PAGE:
Northern Wyoming Daily News - Serving the Big Horn Basin for over 100 years

By Marcus Huff
Staff Writer 

Security for courthouse offices considered

WORLAND – Washakie County Commissioners heard a security request from the Office of the County Assessor on Tuesday, along with reviewing regular department business during their first December meeting at the county courthouse.

 

December 6, 2017



WORLAND – Washakie County Commissioners heard a security request from the Office of the County Assessor on Tuesday, along with reviewing regular department business during their first December meeting at the county courthouse.

As reported by County Assessor Kathy Treanor, the Assessor’s Office has had several instances of being approached by “aggressive” taxpayers and customers, to the point that the office staff have reported feeling threatened.

After consulting with Sheriff Steve Rakness, Treanor was advised to request upgraded security for the office. Currently, the office has an open floor plan, and anyone can approach the desks of the employees.

While Treanor and staff believe a glass wall or partition would hinder the feeling of customer service, they would like to see a barrier to keep customers from directly approaching their work area.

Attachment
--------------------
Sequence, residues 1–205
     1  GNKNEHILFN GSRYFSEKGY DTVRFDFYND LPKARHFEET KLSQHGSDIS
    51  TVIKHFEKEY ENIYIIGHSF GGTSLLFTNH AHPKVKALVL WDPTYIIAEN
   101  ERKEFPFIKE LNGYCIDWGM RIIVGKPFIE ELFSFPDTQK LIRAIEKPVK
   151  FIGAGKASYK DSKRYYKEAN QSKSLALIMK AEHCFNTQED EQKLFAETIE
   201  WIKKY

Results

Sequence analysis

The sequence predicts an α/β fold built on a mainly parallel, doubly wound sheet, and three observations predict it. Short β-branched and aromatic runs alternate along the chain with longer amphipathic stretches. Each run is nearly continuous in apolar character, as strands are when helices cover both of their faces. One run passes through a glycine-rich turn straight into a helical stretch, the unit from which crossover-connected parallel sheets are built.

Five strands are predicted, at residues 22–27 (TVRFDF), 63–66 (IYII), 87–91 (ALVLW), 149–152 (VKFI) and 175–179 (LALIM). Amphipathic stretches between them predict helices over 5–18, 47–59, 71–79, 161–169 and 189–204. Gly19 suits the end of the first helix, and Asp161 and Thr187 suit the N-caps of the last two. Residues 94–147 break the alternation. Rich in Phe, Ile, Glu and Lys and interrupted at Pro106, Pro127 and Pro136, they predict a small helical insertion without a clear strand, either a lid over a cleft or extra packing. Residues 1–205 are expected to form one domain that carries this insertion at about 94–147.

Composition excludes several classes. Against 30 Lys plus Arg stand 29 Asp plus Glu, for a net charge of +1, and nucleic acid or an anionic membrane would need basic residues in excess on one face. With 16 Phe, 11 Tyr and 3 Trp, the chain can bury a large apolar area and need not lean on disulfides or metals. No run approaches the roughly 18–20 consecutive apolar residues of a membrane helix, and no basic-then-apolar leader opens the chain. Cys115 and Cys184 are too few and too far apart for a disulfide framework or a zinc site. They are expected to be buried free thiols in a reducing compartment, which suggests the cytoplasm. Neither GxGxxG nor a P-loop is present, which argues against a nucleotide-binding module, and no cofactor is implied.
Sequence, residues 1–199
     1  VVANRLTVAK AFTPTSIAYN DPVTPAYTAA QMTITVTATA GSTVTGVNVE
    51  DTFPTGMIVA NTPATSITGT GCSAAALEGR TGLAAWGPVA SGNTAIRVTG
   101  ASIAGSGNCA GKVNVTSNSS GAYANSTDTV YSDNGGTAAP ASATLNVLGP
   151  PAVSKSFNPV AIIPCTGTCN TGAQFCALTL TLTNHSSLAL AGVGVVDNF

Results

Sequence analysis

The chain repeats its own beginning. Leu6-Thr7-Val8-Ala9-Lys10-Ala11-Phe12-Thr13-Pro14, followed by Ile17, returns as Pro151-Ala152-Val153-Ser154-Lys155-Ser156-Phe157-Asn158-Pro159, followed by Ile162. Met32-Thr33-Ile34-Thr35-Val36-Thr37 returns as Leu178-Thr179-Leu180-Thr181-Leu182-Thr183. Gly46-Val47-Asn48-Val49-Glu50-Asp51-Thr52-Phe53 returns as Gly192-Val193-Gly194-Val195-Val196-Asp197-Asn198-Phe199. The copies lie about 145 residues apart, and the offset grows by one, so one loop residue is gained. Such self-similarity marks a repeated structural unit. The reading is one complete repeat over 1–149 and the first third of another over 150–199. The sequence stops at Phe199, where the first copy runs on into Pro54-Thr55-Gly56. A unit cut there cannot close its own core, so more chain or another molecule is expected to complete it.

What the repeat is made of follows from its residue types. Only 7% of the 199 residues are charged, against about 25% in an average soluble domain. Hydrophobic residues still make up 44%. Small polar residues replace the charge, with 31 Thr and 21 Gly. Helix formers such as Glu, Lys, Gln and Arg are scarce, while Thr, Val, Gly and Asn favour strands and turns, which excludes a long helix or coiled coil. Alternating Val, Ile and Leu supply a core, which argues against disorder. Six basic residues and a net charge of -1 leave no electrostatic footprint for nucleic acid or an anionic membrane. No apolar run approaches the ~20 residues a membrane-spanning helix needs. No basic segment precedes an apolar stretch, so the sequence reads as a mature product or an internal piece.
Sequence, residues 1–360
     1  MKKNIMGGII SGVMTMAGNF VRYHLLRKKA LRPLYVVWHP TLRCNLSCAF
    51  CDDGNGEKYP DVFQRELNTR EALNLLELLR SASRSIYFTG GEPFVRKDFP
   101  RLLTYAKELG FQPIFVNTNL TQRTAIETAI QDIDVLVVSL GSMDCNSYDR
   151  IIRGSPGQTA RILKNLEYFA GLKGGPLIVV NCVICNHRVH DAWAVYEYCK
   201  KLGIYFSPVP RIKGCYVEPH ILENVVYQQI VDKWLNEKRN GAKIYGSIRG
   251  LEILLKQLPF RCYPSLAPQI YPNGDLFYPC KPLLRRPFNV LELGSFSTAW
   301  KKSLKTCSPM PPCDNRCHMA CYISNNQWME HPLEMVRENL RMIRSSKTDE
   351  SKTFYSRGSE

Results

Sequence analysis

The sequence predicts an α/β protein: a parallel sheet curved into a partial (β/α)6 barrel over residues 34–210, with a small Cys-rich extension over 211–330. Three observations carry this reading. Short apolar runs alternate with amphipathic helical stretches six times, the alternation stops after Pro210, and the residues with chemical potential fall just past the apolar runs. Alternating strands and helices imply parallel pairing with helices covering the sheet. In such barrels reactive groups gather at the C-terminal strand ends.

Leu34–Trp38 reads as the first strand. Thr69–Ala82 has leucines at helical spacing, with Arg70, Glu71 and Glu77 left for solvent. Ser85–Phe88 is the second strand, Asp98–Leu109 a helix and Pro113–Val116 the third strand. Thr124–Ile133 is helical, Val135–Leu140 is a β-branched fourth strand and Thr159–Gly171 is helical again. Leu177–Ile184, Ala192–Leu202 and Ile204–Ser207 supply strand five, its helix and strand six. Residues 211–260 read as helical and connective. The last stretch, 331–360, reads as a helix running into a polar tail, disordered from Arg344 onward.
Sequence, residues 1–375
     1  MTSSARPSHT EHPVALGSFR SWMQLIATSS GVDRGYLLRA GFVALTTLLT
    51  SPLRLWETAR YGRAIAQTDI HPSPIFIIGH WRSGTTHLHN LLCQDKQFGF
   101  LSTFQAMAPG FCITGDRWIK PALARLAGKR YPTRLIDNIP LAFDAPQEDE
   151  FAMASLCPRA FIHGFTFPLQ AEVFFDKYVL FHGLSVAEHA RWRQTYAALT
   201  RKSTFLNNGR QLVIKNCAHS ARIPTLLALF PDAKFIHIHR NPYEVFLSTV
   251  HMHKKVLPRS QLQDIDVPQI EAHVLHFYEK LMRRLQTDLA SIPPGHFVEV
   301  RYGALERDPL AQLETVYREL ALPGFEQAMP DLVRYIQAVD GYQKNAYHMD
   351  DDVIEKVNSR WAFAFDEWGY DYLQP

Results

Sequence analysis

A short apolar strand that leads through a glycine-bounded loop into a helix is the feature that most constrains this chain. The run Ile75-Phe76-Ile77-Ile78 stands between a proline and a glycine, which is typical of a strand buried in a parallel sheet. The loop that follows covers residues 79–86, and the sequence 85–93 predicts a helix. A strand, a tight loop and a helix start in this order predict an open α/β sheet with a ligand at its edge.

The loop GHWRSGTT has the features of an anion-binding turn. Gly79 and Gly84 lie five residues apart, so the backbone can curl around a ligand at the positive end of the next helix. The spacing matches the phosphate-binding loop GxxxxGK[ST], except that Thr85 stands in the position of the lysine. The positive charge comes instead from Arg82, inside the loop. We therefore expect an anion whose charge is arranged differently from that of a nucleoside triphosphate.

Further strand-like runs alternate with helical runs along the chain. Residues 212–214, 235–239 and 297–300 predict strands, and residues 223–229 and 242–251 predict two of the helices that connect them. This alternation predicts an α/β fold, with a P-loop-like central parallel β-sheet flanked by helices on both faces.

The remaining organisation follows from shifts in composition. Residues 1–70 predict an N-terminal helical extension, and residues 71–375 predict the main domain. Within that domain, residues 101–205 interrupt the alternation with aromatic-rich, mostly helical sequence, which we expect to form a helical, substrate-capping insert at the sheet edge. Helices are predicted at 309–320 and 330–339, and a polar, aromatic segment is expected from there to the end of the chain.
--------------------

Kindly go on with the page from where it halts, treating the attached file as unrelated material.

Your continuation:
After consultation with the commission and Tom Schmeltzer with county maintenance, it was decided that a counter and security gate would probably suffice, but that the department should devise a design and submit it to the commission at the next scheduled meeting for approval.

County Attorney John Worrall noted that the State Supreme Court conducted a security assessment of the courthouse, and the recommendations were available for review.

In other business, LeAnn Baker with the Washakie Development Association requested to move the WDA offices to their previous location at the Cloverfield Building at the Lighthouse complex. The WDA is currently occupying offices at the Washakie Development building on Rodeo Drive in the Fairview Industrial Park, but future plans could include selling the building.

Schmeltzer replied that the Cloverfield offices would need new paint and carpet, and the commission discussed moving some electrical outlets to accommodate office machinery.

Schmeltzer also reported that the Lighthouse facility will be totally completed next week.

The five-bed Lighthouse center run by Cloud Peak Counseling housed almost 70 patients in 2016, from Big Horn, Hot Springs, Park, Fremont and Washakie counties. The latest expansion brings the facility to a seven-room center, with a social detox area, at a projected cost of $97,000.

Stuart Bower with the Road and Bridge Department reported the county’s preparedness for snow removal, the cost effectiveness of trading older equipment, and two culverts that need to be replaced under a bridge leading to the county law enforcement shooting range, located behind the Boys School.

County Clerk Mary Grace Strauch reported that two advertised pieces of county equipment for sale, a 1985 dump truck and a 1958 water trailer, had received bids of $2,662.01 and $1,500 respectively.

The county voted to accept the bids.

 
 

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